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Thu May 6, 2021, 06:38 AM

'It's like the embers in a barbecue pit.' Nuclear reactions are smoldering again at Chernobyl

https://www.sciencemag.org/news/2021/05/nuclear-reactions-reawaken-chernobyl-reactor

Thirty-five years after the Chernobyl Nuclear Power Plant in Ukraine exploded in the world’s worst nuclear accident, fission reactions are smoldering again in uranium fuel masses buried deep inside a mangled reactor hall. “It’s like the embers in a barbecue pit,” says Neil Hyatt, a nuclear materials chemist at the University of Sheffield. Now, Ukrainian scientists are scrambling to determine whether the reactions will wink out on their own—or require extraordinary interventions to avert another accident.

Sensors are tracking a rising number of neutrons, a signal of fission, streaming from one inaccessible room, Anatolii Doroshenko of the Institute for Safety Problems of Nuclear Power Plants (ISPNPP) in Kyiv, Ukraine, reported last week during discussions about dismantling the reactor. “There are many uncertainties,” says ISPNPP’s Maxim Saveliev. “But we can’t rule out the possibility of [an] accident.” The neutron counts are rising slowly, Saveliev says, suggesting managers still have a few years to figure out how to stifle the threat. Any remedy he and his colleagues come up with will be of keen interest to Japan, which is coping with the aftermath of its own nuclear disaster 10 years ago at Fukushima, Hyatt notes. “It’s a similar magnitude of hazard.”

The specter of self-sustaining fission, or criticality, in the nuclear ruins has long haunted Chernobyl. When part of the Unit Four reactor’s core melted down on 26 April 1986, uranium fuel rods, their zirconium cladding, graphite control rods, and sand dumped on the core to try to extinguish the fire melted together into a lava. It flowed into the reactor hall’s basement rooms and hardened into formations called fuel-containing materials (FCMs), which are laden with about 170 tons of irradiated uranium—95% of the original fuel.

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Response to William Seger (Original post)

Thu May 6, 2021, 07:16 AM

1. It sounds like they've still got some time in hand . . . .

But the idea of the Elephant's Foot changing to sand, weird.

There's a Nova episode called "Suicide Mission at Chernobyl" from the 1980s about the engineers and scientists going into the basement to find out where the fuel went. It's absolutely fascinating.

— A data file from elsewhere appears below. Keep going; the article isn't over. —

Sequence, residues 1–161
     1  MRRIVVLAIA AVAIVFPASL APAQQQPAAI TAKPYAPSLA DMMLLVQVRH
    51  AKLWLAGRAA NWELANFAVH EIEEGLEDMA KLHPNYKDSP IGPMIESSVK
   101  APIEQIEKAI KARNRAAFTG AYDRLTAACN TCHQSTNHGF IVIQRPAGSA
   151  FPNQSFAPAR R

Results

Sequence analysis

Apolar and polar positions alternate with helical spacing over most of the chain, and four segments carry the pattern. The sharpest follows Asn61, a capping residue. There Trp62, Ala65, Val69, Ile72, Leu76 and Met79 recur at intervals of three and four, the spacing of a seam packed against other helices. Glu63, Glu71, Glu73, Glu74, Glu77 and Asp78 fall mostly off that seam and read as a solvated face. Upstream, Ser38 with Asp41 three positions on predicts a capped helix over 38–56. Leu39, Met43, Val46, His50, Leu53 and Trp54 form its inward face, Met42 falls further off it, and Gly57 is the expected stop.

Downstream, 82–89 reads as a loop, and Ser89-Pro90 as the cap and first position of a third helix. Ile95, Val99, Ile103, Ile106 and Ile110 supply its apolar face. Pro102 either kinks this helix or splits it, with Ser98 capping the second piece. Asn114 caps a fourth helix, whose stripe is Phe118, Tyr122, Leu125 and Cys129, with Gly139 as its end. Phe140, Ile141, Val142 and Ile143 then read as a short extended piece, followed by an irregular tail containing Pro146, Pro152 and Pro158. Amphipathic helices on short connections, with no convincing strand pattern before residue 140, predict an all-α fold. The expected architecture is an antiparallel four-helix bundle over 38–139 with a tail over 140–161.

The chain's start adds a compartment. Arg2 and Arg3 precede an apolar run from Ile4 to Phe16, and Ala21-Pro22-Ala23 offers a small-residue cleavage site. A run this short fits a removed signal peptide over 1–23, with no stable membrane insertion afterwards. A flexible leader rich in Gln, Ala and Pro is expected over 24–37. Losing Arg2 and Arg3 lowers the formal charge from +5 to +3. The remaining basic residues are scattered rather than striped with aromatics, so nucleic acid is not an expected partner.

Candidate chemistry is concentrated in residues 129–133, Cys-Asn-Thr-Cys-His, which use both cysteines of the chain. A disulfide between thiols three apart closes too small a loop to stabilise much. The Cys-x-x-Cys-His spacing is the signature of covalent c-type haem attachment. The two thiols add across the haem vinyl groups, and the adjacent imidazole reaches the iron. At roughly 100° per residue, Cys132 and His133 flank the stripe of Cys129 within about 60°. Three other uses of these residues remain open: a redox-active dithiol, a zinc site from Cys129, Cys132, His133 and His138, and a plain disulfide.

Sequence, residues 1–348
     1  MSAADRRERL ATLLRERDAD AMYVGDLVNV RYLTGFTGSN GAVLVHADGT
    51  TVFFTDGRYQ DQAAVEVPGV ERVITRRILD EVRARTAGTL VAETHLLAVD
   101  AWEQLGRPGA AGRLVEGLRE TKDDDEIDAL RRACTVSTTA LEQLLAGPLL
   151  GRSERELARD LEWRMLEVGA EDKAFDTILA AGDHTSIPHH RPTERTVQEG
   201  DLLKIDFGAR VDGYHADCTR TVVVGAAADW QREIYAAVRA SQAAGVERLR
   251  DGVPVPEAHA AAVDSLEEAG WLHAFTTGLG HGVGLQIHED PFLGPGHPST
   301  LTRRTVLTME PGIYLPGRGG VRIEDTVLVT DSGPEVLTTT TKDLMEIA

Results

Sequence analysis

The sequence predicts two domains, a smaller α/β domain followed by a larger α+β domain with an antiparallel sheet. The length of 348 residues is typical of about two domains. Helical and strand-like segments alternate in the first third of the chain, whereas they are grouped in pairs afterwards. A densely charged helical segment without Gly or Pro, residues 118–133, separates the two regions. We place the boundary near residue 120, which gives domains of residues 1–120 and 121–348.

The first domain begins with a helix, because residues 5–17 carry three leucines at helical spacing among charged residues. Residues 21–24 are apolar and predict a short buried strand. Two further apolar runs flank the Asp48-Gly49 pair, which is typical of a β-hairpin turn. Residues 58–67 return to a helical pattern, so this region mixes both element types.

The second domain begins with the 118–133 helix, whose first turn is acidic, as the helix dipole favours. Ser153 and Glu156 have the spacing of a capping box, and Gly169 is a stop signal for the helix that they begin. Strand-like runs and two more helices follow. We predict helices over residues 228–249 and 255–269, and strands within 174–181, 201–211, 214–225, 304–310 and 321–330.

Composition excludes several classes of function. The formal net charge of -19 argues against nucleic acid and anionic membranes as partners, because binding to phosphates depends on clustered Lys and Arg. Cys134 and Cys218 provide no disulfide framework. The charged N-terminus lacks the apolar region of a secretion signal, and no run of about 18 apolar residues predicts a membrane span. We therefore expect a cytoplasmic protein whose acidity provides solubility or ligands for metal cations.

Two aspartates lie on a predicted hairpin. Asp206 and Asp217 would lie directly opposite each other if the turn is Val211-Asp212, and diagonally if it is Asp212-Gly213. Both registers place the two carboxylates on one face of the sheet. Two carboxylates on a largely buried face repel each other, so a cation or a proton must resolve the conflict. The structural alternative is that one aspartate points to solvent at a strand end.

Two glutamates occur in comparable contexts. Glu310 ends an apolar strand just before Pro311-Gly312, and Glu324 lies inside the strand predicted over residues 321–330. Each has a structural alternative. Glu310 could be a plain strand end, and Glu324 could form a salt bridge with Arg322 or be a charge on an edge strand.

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Response to hatrack (Reply #1)

Thu May 6, 2021, 07:31 AM

2. the HBO "Chernobyl" mini-series was awesome and dealt with some of that

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Response to LymphocyteLover (Reply #2)

Thu May 6, 2021, 09:16 AM

10. Greg Mazin who created the show "Chernobyl" sis an amazing job. It felt like you were

there. Interesting story about Mazin, he is known as kind of a “pilot” guru who can watch the pilot of a show and tell if it will be successful. Benioff and Weiss who were friendly with Mazin asked him to critique the pilot to Game of Thrones. He told Benioff and Weiss that it entire episode was unwatchable and needed to be redone.It was pretty good advice as GOT is one of my top shows of all time. Chernobyl, the mini series, is well worth watching. After watching it I did some follow up on the “internets” and was surprised to see that while a few of the first responders died, some literally melted from radiation exposure, quite a few of the characters involved lived and some are still living. However, the human toll it took on the surrounding area was horrible with spiking cancer rates, birth defects, and suicides as a huge mass of populated land had to be permanently relocated. Now people go there as a tourist attraction( stupid yes) and it’s like time stopped. Everything was left in its place when they bused the population out. It’s like a time capsule peering into life during the Soviet Union in the 80’s.

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Response to hatrack (Reply #1)

Thu May 6, 2021, 07:39 AM

3. Some more info on the Elephant's Foot

Chernobyl and Fukushima are two reasons we should move toward solar rather than increased reliance on nuclear power.

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Response to Best_man23 (Reply #3)

Thu May 6, 2021, 08:40 AM